Boston Marathon

What spectators should know about the 2022 Boston Marathon

From COVID-19 guidelines to what not to bring.

Craig F. Walker / The Boston Globe, File

Marathon Monday has rolled around again, just a little more than six months since the last running of the historic course. It brings with it a rush of spectators and the accompanying safety protocols.

This spring, the race is back to featuring a field of around 30,000 athletes, after a dip to about 20,000 in-person competitors in the fall. Even though it has only been half a year since thousands flocked to watch runners compete on the 26.2-mile course from Hopkinton to Boston, it’s a good time to remind yourself of the rules.

Here’s what you need to know:

What are the COVID-19 guidelines?

The official rules are minimal, though the B.A.A. encourages “personal responsibility” for everyone involved with regards to COVID-19.


All race participants are required to be fully vaccinated and have a plan for if they do test positive, according to B.A.A.’s website. In addition, masks will be required on official buses and in medical tents.

“The B.A.A. strongly encourages everyone practice personal responsibility for the 126th Boston Marathon and B.A.A. 5K,” the B.A.A.’s website reads. “From guests traveling with athletes to spectators cheering on participants, everyone is encouraged to take efforts to mitigate the spread of COVID-19.”

Vaccination with a World Health Organization-certified vaccine for those participating will be enforced prior to bib pick up April 15. Anyone who develops symptoms of the virus must avoid public activity with the exception of getting a COVID test, according to B.A.A.

According to the marathon organizers, the previous race in October had a 93% vaccination rate among participants.

Boston Mayor Michelle Wu is also urging marathon-goers to take precautions, as the city sees a rise in COVID-19 cases. At a press conference Tuesday, Wu said the community positivity rate hung at 5.4%, above the 5% threshold of concern set by the city’s public health leaders.

“We are monitoring that very carefully,” Wu said. “So it’s important that we take steps to protect ourselves and those around us who might be at high risk of severe infection.”


Wu advised participants and spectators to mask up for Marathon Monday, especially if they are at higher risk.

“Even outdoors when many, many people are crowded together, it is a situation where we want everyone just to be aware,” Wu said. “And so if you are able to take a test before you attend, especially if you’re going to a party or a more crowded situation or an indoor event, that always helps.”

What should I leave at home?

The marathon will have the usual host of safety measures, from security check points to banned items.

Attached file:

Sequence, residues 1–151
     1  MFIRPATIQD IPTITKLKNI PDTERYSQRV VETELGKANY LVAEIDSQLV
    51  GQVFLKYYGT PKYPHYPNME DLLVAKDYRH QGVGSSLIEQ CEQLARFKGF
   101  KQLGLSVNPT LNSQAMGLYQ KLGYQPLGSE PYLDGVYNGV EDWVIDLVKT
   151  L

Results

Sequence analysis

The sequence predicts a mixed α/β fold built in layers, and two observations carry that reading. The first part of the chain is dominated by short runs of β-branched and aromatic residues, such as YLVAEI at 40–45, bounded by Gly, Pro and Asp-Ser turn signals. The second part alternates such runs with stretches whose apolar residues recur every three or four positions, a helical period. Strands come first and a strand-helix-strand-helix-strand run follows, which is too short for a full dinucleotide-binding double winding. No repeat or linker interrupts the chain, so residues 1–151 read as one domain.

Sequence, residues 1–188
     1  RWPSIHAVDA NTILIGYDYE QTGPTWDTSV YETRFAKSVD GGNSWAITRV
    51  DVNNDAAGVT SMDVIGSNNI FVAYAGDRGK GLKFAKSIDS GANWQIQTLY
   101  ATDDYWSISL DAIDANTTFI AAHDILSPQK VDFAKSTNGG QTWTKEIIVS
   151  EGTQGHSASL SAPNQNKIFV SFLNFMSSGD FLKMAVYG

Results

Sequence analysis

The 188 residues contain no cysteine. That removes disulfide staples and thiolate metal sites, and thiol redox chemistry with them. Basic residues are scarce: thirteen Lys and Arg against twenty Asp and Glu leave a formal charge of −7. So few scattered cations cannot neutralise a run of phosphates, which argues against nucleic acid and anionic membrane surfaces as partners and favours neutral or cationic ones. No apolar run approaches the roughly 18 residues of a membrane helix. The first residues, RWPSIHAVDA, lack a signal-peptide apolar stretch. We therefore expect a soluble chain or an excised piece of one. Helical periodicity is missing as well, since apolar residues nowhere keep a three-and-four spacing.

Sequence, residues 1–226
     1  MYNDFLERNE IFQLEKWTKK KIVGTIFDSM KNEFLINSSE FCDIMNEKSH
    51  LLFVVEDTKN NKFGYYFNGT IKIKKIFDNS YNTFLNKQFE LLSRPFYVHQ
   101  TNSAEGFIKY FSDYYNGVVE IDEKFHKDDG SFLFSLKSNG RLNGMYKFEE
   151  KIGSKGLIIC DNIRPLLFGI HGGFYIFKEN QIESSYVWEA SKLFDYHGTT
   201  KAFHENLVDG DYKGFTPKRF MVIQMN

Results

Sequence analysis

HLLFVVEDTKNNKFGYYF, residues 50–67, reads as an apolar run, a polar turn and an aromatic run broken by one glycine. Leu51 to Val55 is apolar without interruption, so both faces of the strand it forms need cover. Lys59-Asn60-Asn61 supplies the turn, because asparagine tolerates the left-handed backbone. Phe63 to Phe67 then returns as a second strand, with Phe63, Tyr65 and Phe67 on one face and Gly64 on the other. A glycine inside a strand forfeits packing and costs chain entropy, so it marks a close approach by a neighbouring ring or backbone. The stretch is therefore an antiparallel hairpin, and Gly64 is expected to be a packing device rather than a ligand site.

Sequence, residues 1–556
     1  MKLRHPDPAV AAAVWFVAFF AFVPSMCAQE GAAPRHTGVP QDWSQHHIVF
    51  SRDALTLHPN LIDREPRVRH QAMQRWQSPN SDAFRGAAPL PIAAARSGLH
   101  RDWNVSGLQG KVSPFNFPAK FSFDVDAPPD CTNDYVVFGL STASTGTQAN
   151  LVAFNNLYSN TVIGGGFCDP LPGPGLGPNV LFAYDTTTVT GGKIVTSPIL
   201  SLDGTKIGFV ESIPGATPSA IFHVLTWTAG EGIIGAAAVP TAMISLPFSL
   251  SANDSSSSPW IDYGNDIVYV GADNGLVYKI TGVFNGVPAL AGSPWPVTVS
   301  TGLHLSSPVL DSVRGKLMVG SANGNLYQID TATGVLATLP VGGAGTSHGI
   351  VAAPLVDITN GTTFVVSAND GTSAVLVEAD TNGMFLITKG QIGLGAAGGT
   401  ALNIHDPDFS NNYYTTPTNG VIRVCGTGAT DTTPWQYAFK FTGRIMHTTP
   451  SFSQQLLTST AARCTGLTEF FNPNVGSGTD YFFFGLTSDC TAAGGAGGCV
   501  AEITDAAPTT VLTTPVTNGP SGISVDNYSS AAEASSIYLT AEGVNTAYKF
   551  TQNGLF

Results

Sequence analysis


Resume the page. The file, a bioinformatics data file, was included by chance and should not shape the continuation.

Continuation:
Though the B.A.A. does not implement security policies itself, it does have a list of allowable and banned items for participants and fans alike to keep in mind. Spectators can expect a significant presence of both uniformed and plain-clothed police officers, as well as a number of security checkpoints. 

The B.A.A. said spectators along the course, or within any official B.A.A. venue, are “discouraged” from possessing any of the following items, warning that carrying any of the objects could result in delays when going through security checkpoints and enhanced screening:

  • Weapons or items of any kind that may be used as weapons, including firearms, knives, mace, etc.
  • Backpacks or any similar item carried over the shoulder.
  • Suitcases and rolling bags/rollers.
  • Coolers.
  • Glass containers or cans.
  • Flammable liquids, fuels, fireworks, or explosives.
  • Any container capable of carrying more than 1 liter of liquid.
  • Handbags or packages or bulky items larger than 12 inches x 12 inches x 6 inches.
  • Large blankets/comforters, duvets, sleeping bags.
  • Costumes covering the face or any non-form fitting, bulky outfits extending beyond the perimeter of the body.
  • Props (including sporting equipment and military and fire gear).

The entire course has also been designated a “No-Drone Zone,” according to B.A.A., so spectators will have to do without aerial shots of the festivities.

When should I get there?

Depending who you want to see and where along the race you want to go, officials have created a grid of estimated arrival times for the April 18 race:

LocationSplitLead Wheelchair menlead wheelchair womenlead open menlead open women
Main St. HopkintonStart9:02 a.m.9:05 a.m.9:37 a.m.9:45 a.m.
Rt. 135, Ashland5K9:11 a.m.9:15 a.m.9:52 a.m.10:02 a.m.
Rt. 135, Framingham10K9:20 a.m.9:28 a.m.10:07 a.m.10:20 a.m.
Rt. 135, Natick15K9:32 a.m.9:40 a.m.10:24 a.m.10:40 a.m.
Rt. 135, WellesleyHalfway9:42 a.m.9:50 a.m.10:41 a.m.10:56 a.m.
Rt. 30, Newton35K10:06 a.m.10:17 a.m.11:16 a.m.11:38 a.m.
Coolidge Corner, Brookline38K10:15 a.m.10:28 a.m.11:30 a.m.11:55 a.m.
Boyolston St., BostonFinish10:22 a.m.10:35 a.m.11:45 a.m.12:08 p.m.


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